I’ve just had my twentieth book published.
From 1990-1992, I lived in Nome, Alaska, a small community on the Bering Sea coast where I taught college writing classes, mostly over phone. I also traveled to villages where my students lived. I wrote extensively about my experiences and in 1996 met a publisher at a conference who invited me to send a poetry manuscript. Two years later he returned it, with suggestions. A month later I resubmitted it. In 2000 it was published.
Sometimes it’s this slow, steady process.
The same publisher brought out another book in 2002. That was quicker and easier.
By then I’d had hundreds of poems in literary journals. A second publisher noticed, and asked to read every poem I’d ever written.
But after he found a book’s worth of poems and we agreed on a cover design, he stopped returning emails and didn’t answer his phone. I called a third publisher for advice.
The third publisher said he’d do the book—all I had to do was withdraw it from the recalcitrant publisher.
But when I wrote to withdraw the book, the second publisher threatened to sue me—he ended up publishing the book a few months later. The third publisher? He offered to do a book anyway if I quickly sent him a different set of poems. That was easy.
Then came the fifth, sixth, seventh, and eighth books.
When Donald Trump was elected president, I started writing sonnets the next day. Mid December. I called the publisher of my sixth book, and read a few of these new ones on the telephone. He accepted it, my ninth book, and we had it out for the inauguration. Since then that publisher has brought out seven more Trump Sonnets volumes.
Fall 2020, I received an email from a publisher in India who who wanted a collection of poems. I did my research; it was a legitimate publisher and request. I submitted a collection that I didn’t think would get published otherwise.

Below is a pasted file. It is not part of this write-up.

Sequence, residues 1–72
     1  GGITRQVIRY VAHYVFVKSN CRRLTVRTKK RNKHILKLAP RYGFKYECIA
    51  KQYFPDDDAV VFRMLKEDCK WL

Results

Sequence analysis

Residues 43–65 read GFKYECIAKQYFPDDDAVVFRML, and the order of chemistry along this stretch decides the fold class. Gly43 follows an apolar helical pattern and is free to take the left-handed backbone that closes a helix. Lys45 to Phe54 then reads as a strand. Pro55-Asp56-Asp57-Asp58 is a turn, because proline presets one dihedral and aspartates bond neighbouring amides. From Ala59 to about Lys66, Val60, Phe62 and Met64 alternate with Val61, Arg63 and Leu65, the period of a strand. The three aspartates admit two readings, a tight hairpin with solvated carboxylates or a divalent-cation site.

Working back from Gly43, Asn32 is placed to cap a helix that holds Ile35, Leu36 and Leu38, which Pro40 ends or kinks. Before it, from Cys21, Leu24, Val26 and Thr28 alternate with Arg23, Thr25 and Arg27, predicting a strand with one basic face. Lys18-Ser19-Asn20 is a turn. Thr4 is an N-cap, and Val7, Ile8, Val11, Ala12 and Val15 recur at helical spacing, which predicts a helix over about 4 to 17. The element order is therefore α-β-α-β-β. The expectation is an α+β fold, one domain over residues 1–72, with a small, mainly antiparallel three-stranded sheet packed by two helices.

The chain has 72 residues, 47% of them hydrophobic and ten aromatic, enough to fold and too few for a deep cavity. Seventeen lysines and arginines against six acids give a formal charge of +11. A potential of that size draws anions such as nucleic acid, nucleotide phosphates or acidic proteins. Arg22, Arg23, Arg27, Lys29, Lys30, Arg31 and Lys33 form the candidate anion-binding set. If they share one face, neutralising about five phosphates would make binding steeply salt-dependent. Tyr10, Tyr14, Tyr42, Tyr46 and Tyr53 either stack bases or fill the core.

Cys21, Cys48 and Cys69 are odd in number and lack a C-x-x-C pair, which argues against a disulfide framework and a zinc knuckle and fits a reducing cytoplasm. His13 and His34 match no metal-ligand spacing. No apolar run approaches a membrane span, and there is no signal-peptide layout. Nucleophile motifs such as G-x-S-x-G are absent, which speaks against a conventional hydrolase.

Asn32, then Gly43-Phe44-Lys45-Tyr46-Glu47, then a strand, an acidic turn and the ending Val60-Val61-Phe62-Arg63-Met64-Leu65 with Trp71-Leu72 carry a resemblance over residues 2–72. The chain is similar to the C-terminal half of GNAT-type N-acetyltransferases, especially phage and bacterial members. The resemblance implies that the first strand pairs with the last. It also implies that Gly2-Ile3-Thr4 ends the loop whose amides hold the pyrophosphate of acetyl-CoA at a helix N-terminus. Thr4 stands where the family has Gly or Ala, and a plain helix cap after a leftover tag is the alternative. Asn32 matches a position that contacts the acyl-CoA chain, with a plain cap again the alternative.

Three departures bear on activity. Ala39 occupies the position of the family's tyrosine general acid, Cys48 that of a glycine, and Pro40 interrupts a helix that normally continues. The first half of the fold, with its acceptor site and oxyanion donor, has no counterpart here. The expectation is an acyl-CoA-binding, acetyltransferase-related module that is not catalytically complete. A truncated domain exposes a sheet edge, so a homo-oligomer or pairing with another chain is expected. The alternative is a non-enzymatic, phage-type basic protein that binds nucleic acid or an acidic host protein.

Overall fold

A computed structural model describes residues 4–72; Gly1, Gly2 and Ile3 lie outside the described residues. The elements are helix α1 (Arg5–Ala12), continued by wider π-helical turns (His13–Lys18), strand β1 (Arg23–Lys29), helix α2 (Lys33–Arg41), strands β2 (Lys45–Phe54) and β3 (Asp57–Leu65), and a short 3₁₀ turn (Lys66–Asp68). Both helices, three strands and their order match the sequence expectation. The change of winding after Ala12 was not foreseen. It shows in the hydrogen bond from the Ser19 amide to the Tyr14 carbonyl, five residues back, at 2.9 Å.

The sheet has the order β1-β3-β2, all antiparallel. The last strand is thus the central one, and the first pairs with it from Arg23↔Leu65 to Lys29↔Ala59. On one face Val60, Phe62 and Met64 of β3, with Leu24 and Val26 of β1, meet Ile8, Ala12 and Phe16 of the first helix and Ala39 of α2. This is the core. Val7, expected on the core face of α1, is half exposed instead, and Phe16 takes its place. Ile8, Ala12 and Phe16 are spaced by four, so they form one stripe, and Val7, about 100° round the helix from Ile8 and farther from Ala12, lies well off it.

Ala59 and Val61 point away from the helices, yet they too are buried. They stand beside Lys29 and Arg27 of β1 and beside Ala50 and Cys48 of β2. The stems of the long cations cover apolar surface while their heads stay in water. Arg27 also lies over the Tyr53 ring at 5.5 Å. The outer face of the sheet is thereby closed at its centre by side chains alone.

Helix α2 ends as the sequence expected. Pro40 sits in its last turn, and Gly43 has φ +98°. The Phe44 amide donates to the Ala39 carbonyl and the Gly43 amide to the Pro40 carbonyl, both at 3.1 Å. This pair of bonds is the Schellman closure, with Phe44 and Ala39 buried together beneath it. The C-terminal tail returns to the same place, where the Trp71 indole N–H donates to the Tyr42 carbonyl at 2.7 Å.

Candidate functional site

When the same publisher asked for another book in 2021, I sent this novel, Now Entering Alaska Time, which I started in 1989, finished in 1997, and had been occasionally revising since. The publisher was happy to accept.
Sometimes publication comes fast. Sometimes, it’s slow. And sometimes, like this novel, it takes decades.
Every publication is a triumph. And story.
Ken Waldman Bio:
Ken Waldman combines original poetry, old-time string-band music, and smart storytelling for a performance uniquely his. Since 1995 he’s appeared from the Kennedy Center Millennium Stage to the Dodge Poetry Festival to the Woodford Folk Festival (Queensland, Australia). 20 books consist of 16 full-length poetry collections, a memoir, a creative writing manual, a kids’ book, and a 2022 novel, Now Entering Alaska Time, published by Cyberwit Press of India. Nine CDs include two for children. Current projects include the ninth in his ongoing www.trumpsonnets.com series. More? Go to www.kenwaldman.com and get yourself lost (though while you’re there check out https://www.kenwaldman.com/the-writing-party or if you’re a sports fan, https://kenwaldman.com/sports-page). Says the Austin Chronicle: “Feels like a Ken Burns movie . . . Always recommended.” Says Ken Waldman: “Somebody’s got to be doing all this.”